Although high levels of sewage are to be found in the Big and Little Lotus Canals which flow into the Zeekoevlei wetland popular with canoeists, Zeekoevlei itself is still suitable for recreational use, although one might want to keep ones mouth closed upon falling out the kayak.
According to the City of Cape Town’s latest Inland and Coastal Water Quality Report covering the period October 2011 to September 2012, the monthly measurement of e.coli levels in the Lotus tributaries failed the guidelines for intermediate contact recreational use 76% of the time.
Intermediate contact recreational use refers to activities such as canoeing, waterskiing, windsurfing and sailing.
However, Zeekoevlei’s e.coli levels were below the maximum 1000 indicator organisms per 100ml 83% of the time, indicating it remained suitable for public use for most of the year.
Increases in e.coli levels occurred during and immediately after rains that wash pollutants down from storm water drains and contribute to sewer network overflows.
However, while it may remain generally suitable for intermediate contact water sports, the levels of Phospates, which are used as an indicator of ecological health of the wetland system, were in the “unacceptable” range.
The ecological state of Milnerton Lagoon – also a popular recreational water body – is also in the “unacceptable range” and also had the lowest compliance level for e.coli, passing only 65% of the water quality tests.
Rietvlei, where a lot of sailing takes place, was in the best state of the popular recreational water bodies, passing its e.coli tests 92% of the time and in a “fair” ecological state.
Zandvlei passed its e.coli tests 88% of the time and was in a “poor” ecological state.
Regarding coastal waters, which are tested against full contact (i.e. swimming) standards, six beaches in False Bay did not comply with the stringent Full Contact Recreational Standard contained within the SA Water Quality Guidelines for coastal marine waters.
These beaches, although not named, were clustered between Macassar Beach and Strand, the report noted.
“These sites have over the years been repeatedly non-compliant for short periods of time and it is thought that poor quality from the rivers (e.g. Soet and Sir Lowrys Pass Rivers) and stormwater outlets due to contamination from sewer blockages/overflows and runoff from informal settlements is the main contributing factor.”
On the Atlantic coastline three beaches, namely, Three Anchor Bay, Rocklands Beach and Saunders Rocks Beach failed to comply with the required standards and Capetonians wishing to swim there might want to proceed with caution.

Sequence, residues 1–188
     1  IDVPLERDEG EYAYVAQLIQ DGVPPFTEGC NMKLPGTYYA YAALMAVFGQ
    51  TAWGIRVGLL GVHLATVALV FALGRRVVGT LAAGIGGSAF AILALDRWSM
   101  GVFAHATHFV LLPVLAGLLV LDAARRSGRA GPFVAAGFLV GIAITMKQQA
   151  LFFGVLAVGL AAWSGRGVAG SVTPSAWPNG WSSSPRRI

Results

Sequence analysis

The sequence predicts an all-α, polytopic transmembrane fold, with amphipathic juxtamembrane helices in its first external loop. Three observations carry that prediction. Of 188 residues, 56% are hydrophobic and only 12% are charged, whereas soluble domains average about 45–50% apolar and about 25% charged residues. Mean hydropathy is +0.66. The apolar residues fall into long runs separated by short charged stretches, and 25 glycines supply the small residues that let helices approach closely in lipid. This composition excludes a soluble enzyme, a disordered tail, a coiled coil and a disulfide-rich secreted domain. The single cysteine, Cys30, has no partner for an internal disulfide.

The report, compiled by the City of Cape Town Transport Roads and Stormwater Directorate and recently submitted to sub-councils, noted that of the 27 different rivers and water body systems in the City, only three rivers, the Silvermine River, Sout River and the Wildevoelvlei River, had 100% compliance with the intermediate contact recreational guideline.
The report reveals long term decline in inland water quality since 2000 which saw 80.5 percent of the water systems complying with water quality tests whereas the present overall compliance figure is at 65 percent.
Other than the Big and Little Lotus canals, which have only a 24% compliance level over the October 2011 to September 2012 period, other rivers to avoid any recreational activity on, judging by the report, are the Soet River, Disa River and Mosselbank River, all of which have compliance levels below 50%.
Talking on the report, City’s Mayoral Committee Member for Transport Roads and Stormwater Brett Herron said the rapid formation of informal settlements resulted in sanitation problems which made it difficult to ensure water quality standards.
However, the City has launched a pilot project in “three hotspots”, one of them being Imizamo Yethu in Hout Bay, where they are diverting sewage from storm water into the waste system.
The disposal of waste into stormwater drains played a part in contaminating inland water systems, said Herron.
Senior hydrologist Arthur Chapman at sustainability company OneWorld Sustainable Investments, said treatment of waste water “is a national problem that we face”.
Chapman said Cape Town, just like Johannesburg, was a fast growing City and as the population grew so too did the amount sewerage generated, yet the Waste Water Treatment Infrastructure was not upgraded to handle the amount of sewerage generated.
“Waste Water Treatment Plants need to be expanded faster to meet the need for acceptable waste treatment. That’s kind of a big picture,” said Chapman.
Inland water systems are tested monthly while coastal water quality is tested fortnightly. — Peter Luhanga